September 22, 2010. It was a Wednesday night, and my second quarter at Medill had just begun. Earlier that day, I received the astronomy beat for my Health & Sciences reporting class, a beat I dreamed of having for months.
The cosmos had me at hello as soon as my mom taped up a diagram of the solar system in my room when I was little. Movies like Mars Attacks and Event Horizon and the TV show Star Trek: Voyager only increased my thirst for knowledge of what lies beyond.
But for the first 23 years and 9 months of my life, I really hadn’t done much about it besides check out a couple of picture books when I was in the fourth grade. So when my name was put on the same line as astronomy, I was ecstatic….
For a moment. Then I realized I had a ton of research to do. I had no idea what was going on up there. That knocked me down a notch, and by the time I was on the Red Line closing in on the Howard stop, I was pretty overwhelmed.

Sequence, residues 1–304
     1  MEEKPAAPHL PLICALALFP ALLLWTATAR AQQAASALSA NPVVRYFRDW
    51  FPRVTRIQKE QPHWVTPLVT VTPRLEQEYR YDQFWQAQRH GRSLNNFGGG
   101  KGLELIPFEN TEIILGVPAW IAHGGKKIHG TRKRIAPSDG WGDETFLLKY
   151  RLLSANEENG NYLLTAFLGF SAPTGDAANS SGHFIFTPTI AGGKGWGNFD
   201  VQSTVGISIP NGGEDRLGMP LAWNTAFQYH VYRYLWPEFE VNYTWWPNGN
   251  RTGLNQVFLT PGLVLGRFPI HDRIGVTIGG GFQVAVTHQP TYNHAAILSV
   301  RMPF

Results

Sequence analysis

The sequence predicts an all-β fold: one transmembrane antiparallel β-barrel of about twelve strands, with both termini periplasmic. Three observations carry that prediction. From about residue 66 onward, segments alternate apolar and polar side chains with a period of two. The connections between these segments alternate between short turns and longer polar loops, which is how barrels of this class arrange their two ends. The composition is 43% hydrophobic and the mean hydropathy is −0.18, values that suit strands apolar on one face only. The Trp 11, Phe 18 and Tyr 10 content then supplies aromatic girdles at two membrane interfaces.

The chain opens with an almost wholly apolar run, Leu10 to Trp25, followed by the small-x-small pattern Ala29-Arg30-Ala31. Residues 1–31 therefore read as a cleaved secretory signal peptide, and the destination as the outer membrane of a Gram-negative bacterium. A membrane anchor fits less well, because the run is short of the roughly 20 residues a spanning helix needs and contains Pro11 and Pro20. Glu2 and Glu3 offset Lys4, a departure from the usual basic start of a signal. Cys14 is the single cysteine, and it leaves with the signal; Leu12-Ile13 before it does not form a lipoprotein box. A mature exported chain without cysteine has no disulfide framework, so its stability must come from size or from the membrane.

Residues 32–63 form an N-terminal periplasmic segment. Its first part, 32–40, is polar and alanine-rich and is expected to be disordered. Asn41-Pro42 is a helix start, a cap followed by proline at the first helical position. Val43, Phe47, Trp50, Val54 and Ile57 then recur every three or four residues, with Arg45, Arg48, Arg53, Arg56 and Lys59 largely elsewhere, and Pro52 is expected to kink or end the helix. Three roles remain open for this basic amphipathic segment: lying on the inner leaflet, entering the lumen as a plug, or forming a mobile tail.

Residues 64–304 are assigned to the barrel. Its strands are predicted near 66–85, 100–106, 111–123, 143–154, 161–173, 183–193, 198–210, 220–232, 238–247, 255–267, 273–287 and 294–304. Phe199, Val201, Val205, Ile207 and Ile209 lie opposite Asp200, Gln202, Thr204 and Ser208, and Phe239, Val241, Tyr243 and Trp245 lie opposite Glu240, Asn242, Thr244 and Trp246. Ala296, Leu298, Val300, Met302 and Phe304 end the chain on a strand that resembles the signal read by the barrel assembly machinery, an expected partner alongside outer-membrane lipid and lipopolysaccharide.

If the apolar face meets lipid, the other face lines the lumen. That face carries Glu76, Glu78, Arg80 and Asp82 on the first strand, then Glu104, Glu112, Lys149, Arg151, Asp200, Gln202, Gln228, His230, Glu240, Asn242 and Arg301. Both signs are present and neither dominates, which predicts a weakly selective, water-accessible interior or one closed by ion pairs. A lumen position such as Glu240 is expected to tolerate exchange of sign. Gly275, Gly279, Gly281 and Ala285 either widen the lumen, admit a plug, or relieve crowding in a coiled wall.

And then at 8:15, my classmate Brian Anderson called. A great man and an amazing journalist.
“Hey Kevin, I was reading up on the full moon tonight. It’s a Super Harvest Moon, and it’s not going to happen for another 19 years. I thought maybe you’d like to check up on it.”
There’s Brian, always looking out for me. I hadn’t done any work yet, so this seemed like a golden opportunity to get a head start. When I got home, I started to read about this so-called Super Harvest Moon- a full moon on the night that fall begins. Indeed, it hadn’t happened since the early ‘90s, and there wasn’t going to be another one until 2029. Depending on which news release you read, it was going to happen at 10:09 p.m. or 10:17 p.m. Chicago time.
Not only that, but Jupiter would be directly beneath the Moon during the equinox. And Jupiter hadn’t been this close to the Earth, a mere 388 million miles, since 1963. In other words, Jupiter was going to be a lot more visible than usual. How lucky could I be? The stars were literally aligning. It was my first few hours on the beat, and already I had a pretty big story…or so I thought. (Read more…)